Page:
Fresh Protests in Bahrain Strain Businesses, Markets

Fresh reports of violent clashes and midnight raids taking place over the weekend did nothing to stifle a steady stream of traffic through Bahrain's financial district Monday, nor did the continued presence of foreign troops and tanks keep business from re-opening their doors.

Young Indian Muslims pose with placards during a protest rally against the ongoing political turmoil in Bahrain, Libya, and Yemen.
Noah Seelam | AFP | Getty Images
Young Indian Muslims pose with placards during a protest rally against the ongoing political turmoil in Bahrain, Libya, and Yemen.

"People just want life to go back to normal," one Bahraini businessman tells CNBC.

But as Bahrain's foreign minister quashed speculation of foreign mediation between government and opposition leaders, many investors looked at the country's billion dollar financial industry and saw continued risk.

"It is the intensity of protests in each country and the response of leaders which are determining risk profile. In Bahrain, the military response will have a long term consequence," says Angus Blair, chief economist at Beltone Financial. "What you've got now is a huge lack of trust between a large section of the population and the ruling family."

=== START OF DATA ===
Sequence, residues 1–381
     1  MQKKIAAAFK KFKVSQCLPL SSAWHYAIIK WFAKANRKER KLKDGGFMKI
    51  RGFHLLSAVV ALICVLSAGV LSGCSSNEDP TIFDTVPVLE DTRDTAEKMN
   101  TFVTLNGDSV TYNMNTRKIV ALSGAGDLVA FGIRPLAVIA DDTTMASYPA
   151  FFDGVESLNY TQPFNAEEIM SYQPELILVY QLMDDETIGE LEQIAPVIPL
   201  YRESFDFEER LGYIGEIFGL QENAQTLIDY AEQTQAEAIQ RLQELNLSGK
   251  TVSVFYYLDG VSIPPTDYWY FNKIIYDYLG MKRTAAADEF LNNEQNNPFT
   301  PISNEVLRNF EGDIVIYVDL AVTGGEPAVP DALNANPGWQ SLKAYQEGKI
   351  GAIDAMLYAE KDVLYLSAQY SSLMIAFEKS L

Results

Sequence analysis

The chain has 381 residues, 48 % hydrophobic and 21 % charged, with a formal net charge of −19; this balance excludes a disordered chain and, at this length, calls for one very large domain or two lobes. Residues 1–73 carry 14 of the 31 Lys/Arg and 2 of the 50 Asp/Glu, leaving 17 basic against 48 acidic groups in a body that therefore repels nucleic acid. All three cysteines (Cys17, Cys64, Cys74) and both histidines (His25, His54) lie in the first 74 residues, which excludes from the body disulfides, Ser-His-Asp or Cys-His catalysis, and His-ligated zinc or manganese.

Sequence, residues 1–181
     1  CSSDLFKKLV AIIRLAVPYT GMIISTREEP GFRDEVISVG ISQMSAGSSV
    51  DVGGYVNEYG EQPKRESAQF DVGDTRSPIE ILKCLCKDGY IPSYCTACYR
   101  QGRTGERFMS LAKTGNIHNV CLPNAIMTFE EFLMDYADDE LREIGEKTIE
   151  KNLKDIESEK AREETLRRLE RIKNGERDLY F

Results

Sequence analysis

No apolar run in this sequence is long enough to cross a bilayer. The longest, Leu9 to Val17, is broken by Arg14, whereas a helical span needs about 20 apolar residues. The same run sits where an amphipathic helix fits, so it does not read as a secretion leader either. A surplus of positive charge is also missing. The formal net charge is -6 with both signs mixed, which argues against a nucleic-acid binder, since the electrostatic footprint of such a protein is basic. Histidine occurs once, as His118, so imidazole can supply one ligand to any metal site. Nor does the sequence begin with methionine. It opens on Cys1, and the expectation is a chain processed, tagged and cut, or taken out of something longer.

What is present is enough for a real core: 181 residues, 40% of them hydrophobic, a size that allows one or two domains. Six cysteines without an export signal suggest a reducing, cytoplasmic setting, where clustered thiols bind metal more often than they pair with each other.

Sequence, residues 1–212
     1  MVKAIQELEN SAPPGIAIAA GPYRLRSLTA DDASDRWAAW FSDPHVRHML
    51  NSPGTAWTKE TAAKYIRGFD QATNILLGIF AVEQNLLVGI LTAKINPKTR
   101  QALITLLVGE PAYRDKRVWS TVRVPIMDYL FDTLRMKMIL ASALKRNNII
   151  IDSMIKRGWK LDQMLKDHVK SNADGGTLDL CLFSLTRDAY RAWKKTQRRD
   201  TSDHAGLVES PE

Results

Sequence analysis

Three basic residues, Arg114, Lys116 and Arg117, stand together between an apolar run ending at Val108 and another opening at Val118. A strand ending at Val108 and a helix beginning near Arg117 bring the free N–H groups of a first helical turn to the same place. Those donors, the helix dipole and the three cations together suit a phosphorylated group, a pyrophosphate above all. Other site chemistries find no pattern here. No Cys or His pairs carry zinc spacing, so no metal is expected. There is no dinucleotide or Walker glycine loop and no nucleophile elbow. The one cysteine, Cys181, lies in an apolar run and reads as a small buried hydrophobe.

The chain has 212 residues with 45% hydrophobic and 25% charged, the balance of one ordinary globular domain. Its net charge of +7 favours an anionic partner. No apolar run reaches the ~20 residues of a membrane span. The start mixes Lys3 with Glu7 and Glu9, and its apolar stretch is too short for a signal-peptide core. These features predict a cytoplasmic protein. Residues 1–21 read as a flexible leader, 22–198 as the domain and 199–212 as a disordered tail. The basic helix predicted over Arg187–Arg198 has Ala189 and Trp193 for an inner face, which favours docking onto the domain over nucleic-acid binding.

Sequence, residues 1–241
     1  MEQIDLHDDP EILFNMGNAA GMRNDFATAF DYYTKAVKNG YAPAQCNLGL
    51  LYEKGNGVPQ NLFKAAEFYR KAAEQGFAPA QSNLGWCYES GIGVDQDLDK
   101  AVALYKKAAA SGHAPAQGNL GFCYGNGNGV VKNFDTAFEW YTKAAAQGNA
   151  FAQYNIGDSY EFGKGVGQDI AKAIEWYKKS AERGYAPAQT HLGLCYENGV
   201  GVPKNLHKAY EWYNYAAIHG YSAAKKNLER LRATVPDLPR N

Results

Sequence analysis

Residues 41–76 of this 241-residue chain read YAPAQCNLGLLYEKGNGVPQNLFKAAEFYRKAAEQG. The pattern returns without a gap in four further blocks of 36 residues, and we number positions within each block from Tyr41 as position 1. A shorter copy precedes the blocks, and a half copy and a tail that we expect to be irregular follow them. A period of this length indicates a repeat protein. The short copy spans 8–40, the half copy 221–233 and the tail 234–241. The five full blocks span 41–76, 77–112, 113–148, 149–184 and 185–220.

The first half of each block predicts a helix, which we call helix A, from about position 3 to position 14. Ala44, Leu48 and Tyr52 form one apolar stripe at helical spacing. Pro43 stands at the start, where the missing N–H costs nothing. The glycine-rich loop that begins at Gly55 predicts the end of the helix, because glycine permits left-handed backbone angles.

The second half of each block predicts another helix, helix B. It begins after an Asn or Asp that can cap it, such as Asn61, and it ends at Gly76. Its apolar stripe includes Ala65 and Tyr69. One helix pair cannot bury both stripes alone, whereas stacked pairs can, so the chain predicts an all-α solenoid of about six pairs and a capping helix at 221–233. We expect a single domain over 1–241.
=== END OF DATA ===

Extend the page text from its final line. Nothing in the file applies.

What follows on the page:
"In the GCC," says Blair, "we've mostly seen limited concessions with large injections of cash helping to assuage protestors' demands. But since this doesn't equate long term productivity, it may not be enough to quell a growing demand for political change."

Bahrain's index rose .05 percent Monday, while the promise of $93 billion in social spending in Saudi Arabia that buoyed markets through Sunday failed to keep the country's index from slipping .2 percent.

The cost of continuing unrestboth economically and politically, says one former member of Bahrain's Shua Council, could be very expensive. Plus allowing for the prospect of an actual physical conflict with the country's neighbors.

"The stability and sustainability of political reforms is in everyone's interest," says Dr. Mansoor M. Al Alarayedh of the Gulf Council on Foreign Relations. "You cannot have political progress in this part of the world by ignoring the religious process. Bahrain is basically the neighbor to the two opposing sects of Islam, it cannot go either way, it must co-exist among them. This is what we aspire to."

Now opposition groups say a "shadow campaign" by security forces has left some 250 people missing despite calls from opposition groups for government action on a proposed national dialogue.

The continued postponement of that dialogue, says Al Alarayedh, will only allow sectarian tensions to gain traction.

"It cannot be monarch or people," says Dr. Al Alarayedh. "It must be a partnership."